We invited Dr Omar AlSeyrafi to share his perspective on Sport and Exercise Medicine (SEM) in his home country, Qatar.



Tell us more about yourself

I am a Qatari physician and former football player (AlSadd club, under 17s team). Quitting football to attend medical school in Damascus (Syria) was not the easiest decision I have made to date, yet I have since returned to the field thanks to sports medicine! My story with sports medicine started as a happy coincidence during a sad time. In my final year at Damascus University, the war broke out and I had to return to Qatar to find another medical school where I could finish my training. This was not an easy task as almost all medical schools around the world required completion of at least 50% of curricula internally before granting a degree. In my case, this would have involved three extra years of medical school, even though I was in my final year in Syria! At that time, a large sports medicine hospital (Aspetar) was opened in Doha (Qatar). At Aspetar, I experienced a range of sports medicine clinical rotations and thus my love story with sports medicine began. Later, I graduated from St. Martinus University in the Caribbean. I am now a sports medicine physician at Aspetar after I completed a sports medicine diploma and certificate in drugs in sport from International Olympic Committee (IOC). Currently, I am following a sports medicine residency at the University of Belgrade, which has one of the oldest established SEM programs in Europe. Additionally, I will act as a venue medical manager for the upcoming FIFA World Cup 2022 in Qatar.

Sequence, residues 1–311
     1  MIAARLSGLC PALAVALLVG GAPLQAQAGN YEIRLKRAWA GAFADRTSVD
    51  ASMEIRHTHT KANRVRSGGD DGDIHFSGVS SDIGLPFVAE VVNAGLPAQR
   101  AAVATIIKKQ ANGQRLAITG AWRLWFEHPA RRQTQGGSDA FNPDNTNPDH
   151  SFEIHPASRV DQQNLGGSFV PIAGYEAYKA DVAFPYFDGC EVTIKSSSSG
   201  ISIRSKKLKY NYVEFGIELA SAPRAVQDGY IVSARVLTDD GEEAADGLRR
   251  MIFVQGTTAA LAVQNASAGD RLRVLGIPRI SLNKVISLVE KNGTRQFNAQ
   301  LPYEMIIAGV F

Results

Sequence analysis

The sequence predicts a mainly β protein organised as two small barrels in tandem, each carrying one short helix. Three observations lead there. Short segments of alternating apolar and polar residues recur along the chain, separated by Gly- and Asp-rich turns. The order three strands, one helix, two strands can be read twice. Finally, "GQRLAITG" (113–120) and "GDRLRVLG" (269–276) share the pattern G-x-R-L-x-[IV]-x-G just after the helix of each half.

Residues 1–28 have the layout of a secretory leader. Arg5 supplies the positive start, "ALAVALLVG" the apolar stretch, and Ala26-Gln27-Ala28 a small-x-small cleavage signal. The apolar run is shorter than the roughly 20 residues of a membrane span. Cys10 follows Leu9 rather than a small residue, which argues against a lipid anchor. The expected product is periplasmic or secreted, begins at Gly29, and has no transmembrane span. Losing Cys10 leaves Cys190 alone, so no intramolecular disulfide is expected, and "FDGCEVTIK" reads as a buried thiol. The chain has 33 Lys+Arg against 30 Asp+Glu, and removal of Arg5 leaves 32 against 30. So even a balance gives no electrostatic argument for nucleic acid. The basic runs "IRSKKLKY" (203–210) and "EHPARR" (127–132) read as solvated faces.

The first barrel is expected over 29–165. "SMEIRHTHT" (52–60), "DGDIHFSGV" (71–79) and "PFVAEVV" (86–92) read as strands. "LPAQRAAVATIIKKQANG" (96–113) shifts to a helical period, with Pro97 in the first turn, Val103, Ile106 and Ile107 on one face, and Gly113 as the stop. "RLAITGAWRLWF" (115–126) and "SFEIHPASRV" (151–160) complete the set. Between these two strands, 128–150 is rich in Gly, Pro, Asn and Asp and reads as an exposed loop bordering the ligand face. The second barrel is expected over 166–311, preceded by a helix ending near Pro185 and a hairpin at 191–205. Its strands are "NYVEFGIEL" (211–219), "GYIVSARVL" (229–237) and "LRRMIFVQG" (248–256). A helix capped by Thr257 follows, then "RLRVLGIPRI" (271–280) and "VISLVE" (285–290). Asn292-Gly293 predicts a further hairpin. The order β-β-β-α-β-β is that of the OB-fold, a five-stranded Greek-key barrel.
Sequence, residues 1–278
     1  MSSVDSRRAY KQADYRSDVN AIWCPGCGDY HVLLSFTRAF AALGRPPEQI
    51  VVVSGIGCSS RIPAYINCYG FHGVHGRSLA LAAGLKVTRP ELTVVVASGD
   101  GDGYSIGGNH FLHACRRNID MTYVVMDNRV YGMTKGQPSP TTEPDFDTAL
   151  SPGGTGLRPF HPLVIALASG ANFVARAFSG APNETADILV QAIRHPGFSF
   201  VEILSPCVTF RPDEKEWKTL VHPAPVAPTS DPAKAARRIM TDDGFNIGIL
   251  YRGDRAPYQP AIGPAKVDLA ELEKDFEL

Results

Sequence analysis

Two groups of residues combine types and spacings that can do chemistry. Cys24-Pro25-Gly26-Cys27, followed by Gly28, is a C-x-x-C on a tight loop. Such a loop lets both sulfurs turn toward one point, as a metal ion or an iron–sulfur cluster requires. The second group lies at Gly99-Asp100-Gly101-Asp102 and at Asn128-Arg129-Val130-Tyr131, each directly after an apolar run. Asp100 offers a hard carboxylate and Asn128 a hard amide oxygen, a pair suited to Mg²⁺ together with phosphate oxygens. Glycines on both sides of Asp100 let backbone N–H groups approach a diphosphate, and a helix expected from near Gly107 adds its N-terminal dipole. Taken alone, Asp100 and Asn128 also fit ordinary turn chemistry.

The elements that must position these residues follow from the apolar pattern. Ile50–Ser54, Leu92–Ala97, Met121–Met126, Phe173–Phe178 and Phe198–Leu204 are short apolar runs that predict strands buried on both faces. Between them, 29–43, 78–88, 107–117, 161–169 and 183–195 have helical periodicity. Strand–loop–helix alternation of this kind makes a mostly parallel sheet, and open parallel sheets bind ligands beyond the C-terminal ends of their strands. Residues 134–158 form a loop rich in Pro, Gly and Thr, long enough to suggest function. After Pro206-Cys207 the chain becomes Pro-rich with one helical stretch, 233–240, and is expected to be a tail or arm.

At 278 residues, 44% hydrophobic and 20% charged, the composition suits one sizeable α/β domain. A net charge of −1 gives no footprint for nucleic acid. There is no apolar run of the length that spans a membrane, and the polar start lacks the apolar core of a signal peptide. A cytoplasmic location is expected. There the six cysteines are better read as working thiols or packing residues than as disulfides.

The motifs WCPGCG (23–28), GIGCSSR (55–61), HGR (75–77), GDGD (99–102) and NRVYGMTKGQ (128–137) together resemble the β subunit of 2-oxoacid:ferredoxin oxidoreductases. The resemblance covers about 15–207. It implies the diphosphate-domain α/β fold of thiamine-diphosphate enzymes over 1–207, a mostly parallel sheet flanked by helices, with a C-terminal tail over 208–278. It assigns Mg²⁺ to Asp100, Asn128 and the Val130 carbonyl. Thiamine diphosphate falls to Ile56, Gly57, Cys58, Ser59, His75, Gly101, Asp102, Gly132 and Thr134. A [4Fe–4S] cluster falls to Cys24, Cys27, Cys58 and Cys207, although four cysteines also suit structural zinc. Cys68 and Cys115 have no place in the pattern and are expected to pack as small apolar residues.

What is the path to become a sport and exercise physician in Qatar, and what are the main hurdles on this path?